At the end of the picking season on large fruit farms, they went over the rows with a reaper, cutting back all the old foliage and in the process fluffing up the straw which had been beaten down as the pickers harvested the fruit. And then when the wind was blowing in the right direction, they set a light to it. The existing plants came through unharmed, any weeds were dispensed with and the burned remnant ash added marginally to the fertility of the soil.

New life

Thinking about new gardeners and those growing strawberries for the first time, now that the fruiting season is drawing to a close, the plants will start to self-propagate by producing runners – long leafless stems running flat on the ground, with an embryo plant at the tip.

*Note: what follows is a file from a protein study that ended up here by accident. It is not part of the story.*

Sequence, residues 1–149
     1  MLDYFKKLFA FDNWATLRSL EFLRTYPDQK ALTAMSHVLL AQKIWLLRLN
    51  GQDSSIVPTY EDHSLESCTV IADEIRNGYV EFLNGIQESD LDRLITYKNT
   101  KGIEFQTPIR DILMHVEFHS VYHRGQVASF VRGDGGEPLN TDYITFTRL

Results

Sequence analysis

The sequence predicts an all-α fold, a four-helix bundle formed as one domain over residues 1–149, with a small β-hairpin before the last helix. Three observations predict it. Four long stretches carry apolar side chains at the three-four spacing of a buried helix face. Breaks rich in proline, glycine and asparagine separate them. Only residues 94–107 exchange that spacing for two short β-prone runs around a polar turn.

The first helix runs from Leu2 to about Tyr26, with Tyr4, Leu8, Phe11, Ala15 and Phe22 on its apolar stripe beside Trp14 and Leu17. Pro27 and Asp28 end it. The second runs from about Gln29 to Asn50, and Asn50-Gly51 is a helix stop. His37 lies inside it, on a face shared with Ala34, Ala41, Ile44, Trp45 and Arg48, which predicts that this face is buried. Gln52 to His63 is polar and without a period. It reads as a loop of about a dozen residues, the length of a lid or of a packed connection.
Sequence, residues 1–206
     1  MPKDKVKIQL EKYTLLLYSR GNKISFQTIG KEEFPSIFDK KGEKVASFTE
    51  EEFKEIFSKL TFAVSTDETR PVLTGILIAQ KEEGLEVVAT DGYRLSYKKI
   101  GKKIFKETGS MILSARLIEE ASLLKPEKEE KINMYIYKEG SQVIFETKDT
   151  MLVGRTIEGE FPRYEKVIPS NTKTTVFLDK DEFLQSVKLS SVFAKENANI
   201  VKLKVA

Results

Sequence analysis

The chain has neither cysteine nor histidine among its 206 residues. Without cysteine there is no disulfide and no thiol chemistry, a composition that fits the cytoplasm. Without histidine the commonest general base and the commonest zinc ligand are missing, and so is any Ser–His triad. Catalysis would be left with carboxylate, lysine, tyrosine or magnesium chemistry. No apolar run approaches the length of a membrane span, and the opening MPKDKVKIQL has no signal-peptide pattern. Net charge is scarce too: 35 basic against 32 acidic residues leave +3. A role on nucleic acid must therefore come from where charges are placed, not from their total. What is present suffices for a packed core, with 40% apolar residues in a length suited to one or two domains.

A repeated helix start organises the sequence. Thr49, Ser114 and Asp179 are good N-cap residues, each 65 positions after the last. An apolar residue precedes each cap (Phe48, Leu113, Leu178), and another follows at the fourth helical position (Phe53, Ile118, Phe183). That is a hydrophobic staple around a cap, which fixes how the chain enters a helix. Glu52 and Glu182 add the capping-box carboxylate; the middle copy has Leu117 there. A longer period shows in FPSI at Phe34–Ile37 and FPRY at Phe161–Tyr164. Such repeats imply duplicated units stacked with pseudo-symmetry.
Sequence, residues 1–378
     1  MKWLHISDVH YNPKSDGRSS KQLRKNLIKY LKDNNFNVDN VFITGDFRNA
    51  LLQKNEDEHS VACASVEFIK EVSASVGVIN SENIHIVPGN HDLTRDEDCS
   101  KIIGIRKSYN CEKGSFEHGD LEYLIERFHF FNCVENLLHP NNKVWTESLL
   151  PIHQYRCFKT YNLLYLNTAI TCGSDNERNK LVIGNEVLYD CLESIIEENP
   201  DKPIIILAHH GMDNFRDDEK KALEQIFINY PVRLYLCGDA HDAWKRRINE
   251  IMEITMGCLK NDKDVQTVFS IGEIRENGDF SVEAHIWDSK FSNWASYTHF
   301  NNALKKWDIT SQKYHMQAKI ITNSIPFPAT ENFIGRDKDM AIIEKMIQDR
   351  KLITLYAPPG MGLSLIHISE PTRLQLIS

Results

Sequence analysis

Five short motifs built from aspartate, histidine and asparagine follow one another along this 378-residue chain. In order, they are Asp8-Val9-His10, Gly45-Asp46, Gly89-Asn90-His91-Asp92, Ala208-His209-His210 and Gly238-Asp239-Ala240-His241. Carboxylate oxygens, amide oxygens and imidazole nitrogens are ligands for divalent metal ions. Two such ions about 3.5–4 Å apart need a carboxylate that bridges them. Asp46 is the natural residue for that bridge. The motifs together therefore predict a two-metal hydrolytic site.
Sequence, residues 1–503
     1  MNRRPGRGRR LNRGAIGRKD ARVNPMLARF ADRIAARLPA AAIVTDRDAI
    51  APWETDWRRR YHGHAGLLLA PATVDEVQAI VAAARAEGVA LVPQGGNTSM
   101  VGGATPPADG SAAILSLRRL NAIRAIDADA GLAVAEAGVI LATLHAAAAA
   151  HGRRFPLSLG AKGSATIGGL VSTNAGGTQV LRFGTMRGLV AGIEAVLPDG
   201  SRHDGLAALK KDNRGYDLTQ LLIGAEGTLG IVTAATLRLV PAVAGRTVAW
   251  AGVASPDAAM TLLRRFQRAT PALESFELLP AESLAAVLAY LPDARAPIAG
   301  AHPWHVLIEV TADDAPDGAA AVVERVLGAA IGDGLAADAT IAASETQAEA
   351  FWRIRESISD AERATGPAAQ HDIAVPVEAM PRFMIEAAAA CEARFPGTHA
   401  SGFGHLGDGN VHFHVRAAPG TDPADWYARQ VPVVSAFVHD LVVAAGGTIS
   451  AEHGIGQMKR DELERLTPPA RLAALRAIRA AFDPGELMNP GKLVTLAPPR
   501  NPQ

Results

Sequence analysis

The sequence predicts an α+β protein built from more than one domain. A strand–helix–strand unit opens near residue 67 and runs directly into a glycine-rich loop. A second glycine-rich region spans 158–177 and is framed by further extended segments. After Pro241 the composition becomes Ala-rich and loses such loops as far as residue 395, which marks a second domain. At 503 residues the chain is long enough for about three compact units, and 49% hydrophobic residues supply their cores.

In young plantations, we tend to train these runners into the row, finishing up with the planting looking like a series of mini-hedges. After a year or two, however, with more runners being produced each year, these rows become congested and more difficult to keep clean. For that reason, some gardeners prefer to remove all the runners each year to maintain gaps between the original individual plants.

A traditional strawberry bed using straw to protect the developing fruit.

Those of us who prefer to create the continuous row, arguably producing heavier crop yields, reason that the practice of renewing the strawberry patch every three to four years is more acceptable. As the runners appear from the heart of the existing plants each with that new young plantlet at the tip, after extending for about 15 to 20cm the plantlet will root into the ground but the runner tip will then continue on its way, creating yet another plantlet.